Speed freaks rejoice; if you're willing to lay out the cash, air traffic around your local wireless network may pick up a dose of extra zip come this time next year. We're well aware that a certain sector of the population was a bit disappointed when Apple introduced AirPort 2 last week and it still ran at "only" 11 Mbps, thus rendering the technology impractical for the quick transfer of immense data sets-- like, say, uncompressed real-time full-motion broadcast-quality video (roughly 18.6 MBps), or the complete works of Stephen King (more words than you can shake a stick at).
But if you consider Apple's options, it's clear that the company made the right choice; upping the bandwidth to 54 Mbps would have mandated a shift from the current 802.11b spec to 802.11a-- which is, sadly, not compatible. If Apple had made the switch, none of the existing AirPort cards or Base Stations would have been able to connect to the new gear, riots would have ensued, and Cupertino would be a smoldering pile of rubble by now. So we think sticking to 802.11b was a good move on Apple's part; after all, it's faster than good ol' 10-base-T Ethernet and can saturate all but the spiffiest home broadband Internet connections.
Of course, choosing compatibility over speed is all well and good for now, but clearly there's nowhere to go but up. With more and more wired networks standardizing on 100-base-T (and Apple even shipping Gigabit Ethernet in all of its Power Macs and PowerBooks), when it comes to transferring big files across a LAN instead of surfing the Internet, AirPort's 11 Mbps is starting to feel like a serious drag. But fear not; faithful viewer AJ Ballou was the first to alert us to a Reuters article which indicates that the Institute of Electrical and Electronics Engineers (that's Mr. IEEE to you, bub) has "tentatively approved" a new wireless networking standard called 802.11g. (No, we don't know what happened to 802.11c through 802.11f, nor do we want to. They are dead to us.)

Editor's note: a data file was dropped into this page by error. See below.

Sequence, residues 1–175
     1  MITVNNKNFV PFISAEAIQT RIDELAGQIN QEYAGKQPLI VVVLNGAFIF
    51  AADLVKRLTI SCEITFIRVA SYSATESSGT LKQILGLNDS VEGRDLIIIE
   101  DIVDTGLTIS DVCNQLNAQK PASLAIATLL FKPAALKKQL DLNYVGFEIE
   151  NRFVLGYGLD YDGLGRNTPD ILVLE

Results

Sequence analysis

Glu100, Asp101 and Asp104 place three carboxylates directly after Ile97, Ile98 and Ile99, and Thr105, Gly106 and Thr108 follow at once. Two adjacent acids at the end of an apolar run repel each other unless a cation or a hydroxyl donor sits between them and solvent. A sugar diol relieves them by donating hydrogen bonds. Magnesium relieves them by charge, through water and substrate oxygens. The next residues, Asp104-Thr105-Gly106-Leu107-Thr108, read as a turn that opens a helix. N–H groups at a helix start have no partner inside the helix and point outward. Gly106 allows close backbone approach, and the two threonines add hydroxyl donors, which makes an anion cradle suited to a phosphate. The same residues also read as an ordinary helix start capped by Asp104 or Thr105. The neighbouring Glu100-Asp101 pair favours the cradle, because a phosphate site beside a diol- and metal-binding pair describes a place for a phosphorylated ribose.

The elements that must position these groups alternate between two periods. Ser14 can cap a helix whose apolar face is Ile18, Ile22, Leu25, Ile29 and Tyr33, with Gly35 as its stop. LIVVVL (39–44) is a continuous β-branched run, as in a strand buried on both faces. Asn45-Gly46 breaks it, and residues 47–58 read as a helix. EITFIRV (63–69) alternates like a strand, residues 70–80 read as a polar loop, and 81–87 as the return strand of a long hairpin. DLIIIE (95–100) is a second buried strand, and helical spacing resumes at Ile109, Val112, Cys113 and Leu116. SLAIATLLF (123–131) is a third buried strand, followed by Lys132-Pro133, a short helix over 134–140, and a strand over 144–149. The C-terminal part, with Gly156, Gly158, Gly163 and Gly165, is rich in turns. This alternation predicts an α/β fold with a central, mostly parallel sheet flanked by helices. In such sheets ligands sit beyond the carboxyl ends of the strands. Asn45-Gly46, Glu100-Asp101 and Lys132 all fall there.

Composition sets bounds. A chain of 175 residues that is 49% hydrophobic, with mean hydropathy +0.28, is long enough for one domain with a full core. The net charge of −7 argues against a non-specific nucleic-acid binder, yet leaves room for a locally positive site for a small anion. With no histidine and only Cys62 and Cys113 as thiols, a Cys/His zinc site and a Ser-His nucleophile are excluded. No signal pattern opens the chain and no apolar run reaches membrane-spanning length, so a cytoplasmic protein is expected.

The good news is that 802.11g has a maximum bandwidth of 54 Mbps-- just like 802.11a. The better news is that 802.11g operates in the 2.4 GHz frequency spectrum-- just like 802.11b. In other words, it's "best of both worlds" time, folks; by sharing the same frequency, the new standard is 100% compatible with existing AirPort cards and Base Stations, which means that nothing's keeping Apple from embracing 802.11g, since it will work just fine with Apple's older equipment... although at the slower 11 Mbps speed, of course.
Actually, there is one thing keeping Apple from moving to 802.11g, and that's the word "tentatively." According to The Register, "the IEEE will only ratify the exact 802.11g standard and its specifications next year when the working group meets again." The upshot is that 802.11g devices aren't expected to hit the market until the end of next year-- so don't wig out thinking that if Apple had only waited another week, AirPort 2 could have incorporated a nice speed boost in addition to its other new features. Don't worry; we figure that the nearly-five-times-faster AirPort 3 will debut just in time for Christmas lists next year.